Weekly poll #39: Church sex and marriage classes

Monday’s Mission #93

Your mission this week is inspired by all the spring cleaning I’ve been doing lately. My spring cleaning always involves a lot of de-cluttering. I got to wondering about the clutter that ends up in our marriages; extra stuff we’ve taken on that is either simply in the way of us experiencing what we need in our marriage or that is actually taking away from the joy of what we could be sharing with our spouse. It might be something that looks good initially, but it’s become a distraction. If you can relate to the analogy, have a look at whether your relationship could use some things being let go of. Some things might be for others to have and other things just need to be dumped. What’s in the way of you and your husband experiencing all that you should in this season of your lives?

Q&A: Delayed Ejaculation

“My husband and I have been married for only a month, so I know we have a lot of time to work on this and figure it out, but we have sort of a  different problem. Rather than premature ejaculation, my husband  cannot ejaculate until about 45 minutes or an hour into sex. Even on our wedding night, we had sex for 2 hours and he did not even finish. Since then he has orgasmed every time but whether it be oral, hand or intercourse, it takes a very long time for him to finish, making exciting quickies nearly impossible for us. I adore our long love-making sessions, but we both would like to be able to acheive a spontaneous quickie sometimes. Any advice or tips would be MUCH appreciated. THANKS!”


Again, we turned to our friendly neighborhood Sex Therapist, Lauren Jordan, to answer this woman’s question:


The problem that you are describing is called Delayed Ejaculation, in that your husband needs an unusually long period of stimulation before he can have an orgasm.  The good news is that it sounds like you two have adapted to it by taking a “whatever it takes” kind of attitude – and he does have his climax every time.  If this is working for both of you, without your getting tired, impatient, bored, or just plain physically sore, then great!  If the length of time that it takes for him to have an orgasm is becoming a frustration or a burden to either of you, it would be a good idea to see a Certified Sex Therapist about it.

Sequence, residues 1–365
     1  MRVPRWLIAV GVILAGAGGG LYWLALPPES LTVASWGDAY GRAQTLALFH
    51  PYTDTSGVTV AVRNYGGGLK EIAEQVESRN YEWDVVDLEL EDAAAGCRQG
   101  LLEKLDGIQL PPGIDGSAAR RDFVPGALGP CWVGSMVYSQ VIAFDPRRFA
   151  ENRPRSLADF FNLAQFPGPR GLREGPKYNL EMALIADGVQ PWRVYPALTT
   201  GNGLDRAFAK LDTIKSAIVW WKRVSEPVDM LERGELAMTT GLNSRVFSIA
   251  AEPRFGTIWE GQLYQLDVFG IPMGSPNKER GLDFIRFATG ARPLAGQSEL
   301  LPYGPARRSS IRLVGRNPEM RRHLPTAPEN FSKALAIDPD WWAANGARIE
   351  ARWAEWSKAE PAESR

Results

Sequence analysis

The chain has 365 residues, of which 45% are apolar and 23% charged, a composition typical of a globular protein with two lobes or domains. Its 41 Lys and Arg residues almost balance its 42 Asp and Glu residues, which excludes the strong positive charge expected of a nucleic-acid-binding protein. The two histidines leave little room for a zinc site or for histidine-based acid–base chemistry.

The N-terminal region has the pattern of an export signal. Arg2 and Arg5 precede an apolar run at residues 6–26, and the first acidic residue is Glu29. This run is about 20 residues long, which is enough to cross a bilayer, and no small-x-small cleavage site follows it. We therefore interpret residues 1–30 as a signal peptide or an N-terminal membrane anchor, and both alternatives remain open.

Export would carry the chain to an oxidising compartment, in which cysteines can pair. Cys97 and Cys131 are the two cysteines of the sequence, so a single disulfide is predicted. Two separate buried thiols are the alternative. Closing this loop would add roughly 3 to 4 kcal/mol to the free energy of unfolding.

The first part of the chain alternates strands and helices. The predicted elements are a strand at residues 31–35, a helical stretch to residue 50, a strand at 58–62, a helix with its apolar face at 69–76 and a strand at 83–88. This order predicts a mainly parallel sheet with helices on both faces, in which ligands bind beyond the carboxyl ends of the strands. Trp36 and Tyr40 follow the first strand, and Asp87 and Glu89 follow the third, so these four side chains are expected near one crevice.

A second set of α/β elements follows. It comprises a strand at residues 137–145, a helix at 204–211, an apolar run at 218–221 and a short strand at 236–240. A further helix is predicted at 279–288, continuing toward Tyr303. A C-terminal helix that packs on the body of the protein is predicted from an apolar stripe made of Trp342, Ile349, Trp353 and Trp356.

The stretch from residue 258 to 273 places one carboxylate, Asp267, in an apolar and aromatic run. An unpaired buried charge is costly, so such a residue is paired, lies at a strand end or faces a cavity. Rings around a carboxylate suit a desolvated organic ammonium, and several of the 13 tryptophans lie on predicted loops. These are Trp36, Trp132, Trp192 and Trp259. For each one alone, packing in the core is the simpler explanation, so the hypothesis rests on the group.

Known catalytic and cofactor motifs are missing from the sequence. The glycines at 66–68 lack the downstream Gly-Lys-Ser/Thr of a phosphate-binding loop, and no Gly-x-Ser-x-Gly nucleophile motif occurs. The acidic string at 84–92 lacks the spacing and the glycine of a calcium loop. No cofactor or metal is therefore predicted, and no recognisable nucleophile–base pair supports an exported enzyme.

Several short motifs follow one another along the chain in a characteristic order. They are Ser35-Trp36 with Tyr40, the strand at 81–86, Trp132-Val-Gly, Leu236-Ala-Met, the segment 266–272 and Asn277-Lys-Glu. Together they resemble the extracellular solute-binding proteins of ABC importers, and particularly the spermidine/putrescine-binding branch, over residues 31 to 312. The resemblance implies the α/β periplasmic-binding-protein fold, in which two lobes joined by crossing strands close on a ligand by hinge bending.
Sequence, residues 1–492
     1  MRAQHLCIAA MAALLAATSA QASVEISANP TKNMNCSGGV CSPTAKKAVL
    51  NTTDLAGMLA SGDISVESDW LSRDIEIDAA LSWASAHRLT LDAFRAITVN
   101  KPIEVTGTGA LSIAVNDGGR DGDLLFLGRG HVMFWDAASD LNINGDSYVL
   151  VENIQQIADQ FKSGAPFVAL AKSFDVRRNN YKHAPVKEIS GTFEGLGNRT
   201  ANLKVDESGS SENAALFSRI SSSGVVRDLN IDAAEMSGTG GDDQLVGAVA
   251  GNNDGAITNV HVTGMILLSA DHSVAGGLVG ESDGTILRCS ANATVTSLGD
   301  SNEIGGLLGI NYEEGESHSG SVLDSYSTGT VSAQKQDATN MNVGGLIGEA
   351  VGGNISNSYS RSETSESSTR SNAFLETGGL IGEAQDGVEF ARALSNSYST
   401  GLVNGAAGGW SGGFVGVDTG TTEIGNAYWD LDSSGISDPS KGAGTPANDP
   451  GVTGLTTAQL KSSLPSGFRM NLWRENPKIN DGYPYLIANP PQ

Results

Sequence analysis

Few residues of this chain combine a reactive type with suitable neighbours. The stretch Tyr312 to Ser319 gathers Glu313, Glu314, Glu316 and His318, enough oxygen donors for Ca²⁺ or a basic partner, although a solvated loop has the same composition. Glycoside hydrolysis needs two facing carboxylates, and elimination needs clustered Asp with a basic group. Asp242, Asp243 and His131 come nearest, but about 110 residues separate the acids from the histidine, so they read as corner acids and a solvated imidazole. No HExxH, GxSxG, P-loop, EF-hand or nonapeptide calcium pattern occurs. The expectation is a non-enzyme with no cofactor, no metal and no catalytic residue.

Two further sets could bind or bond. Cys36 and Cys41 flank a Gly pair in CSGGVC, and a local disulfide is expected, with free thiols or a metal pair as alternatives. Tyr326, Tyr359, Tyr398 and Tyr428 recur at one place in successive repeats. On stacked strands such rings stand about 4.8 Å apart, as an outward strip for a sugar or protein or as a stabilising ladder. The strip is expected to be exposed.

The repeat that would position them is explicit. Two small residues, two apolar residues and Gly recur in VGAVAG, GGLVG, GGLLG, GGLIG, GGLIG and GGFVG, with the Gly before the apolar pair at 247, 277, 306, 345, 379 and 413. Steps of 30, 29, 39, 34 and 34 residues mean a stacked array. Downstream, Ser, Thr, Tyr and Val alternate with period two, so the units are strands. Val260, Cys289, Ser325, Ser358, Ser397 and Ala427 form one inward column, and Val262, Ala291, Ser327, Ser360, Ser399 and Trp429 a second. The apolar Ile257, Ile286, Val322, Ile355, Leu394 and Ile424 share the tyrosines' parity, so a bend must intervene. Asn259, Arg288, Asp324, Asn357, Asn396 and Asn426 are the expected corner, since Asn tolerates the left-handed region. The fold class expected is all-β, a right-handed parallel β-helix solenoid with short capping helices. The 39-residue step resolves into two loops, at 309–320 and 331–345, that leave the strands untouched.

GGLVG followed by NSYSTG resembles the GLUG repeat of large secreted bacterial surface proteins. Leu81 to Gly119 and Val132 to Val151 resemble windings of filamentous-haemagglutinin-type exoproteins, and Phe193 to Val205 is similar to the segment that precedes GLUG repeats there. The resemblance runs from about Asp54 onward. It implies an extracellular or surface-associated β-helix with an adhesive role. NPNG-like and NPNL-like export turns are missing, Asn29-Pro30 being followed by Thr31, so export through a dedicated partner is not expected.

A sex therapist would take some sessions to get a full sexual history for both of you.  Then, depending upon that information, would develop a treatment plan,  which would target the areas that s/he  believes are contributing to the problem.  These could be:  anxiety about performing, body image, difficulty focusing on the sensations during lovemaking, which could all make it difficult to reach climax.  There is some data that suggests that some men who have DE learned to masturbate in a non-typical way, and this has made learning to orgasm with a partner difficult.  The sex therapist might also take you through some exercises that you do at home to gradually move him in the direction of orgasming inside you.


Unfortunately, I can’t tell you if it will be possible for you to have a “quickie” now and then, so I’m very glad that you both love your long lovemaking sessions.  You might also want to get a copy of Bernie Zilbergeld’s book, called The New Male Sexuality.  It has some exercises that you could do as part of a self-help program.  I do think you’ll likely need the expertise and support of a sex therapist, if this is something that you both really want to focus on changing.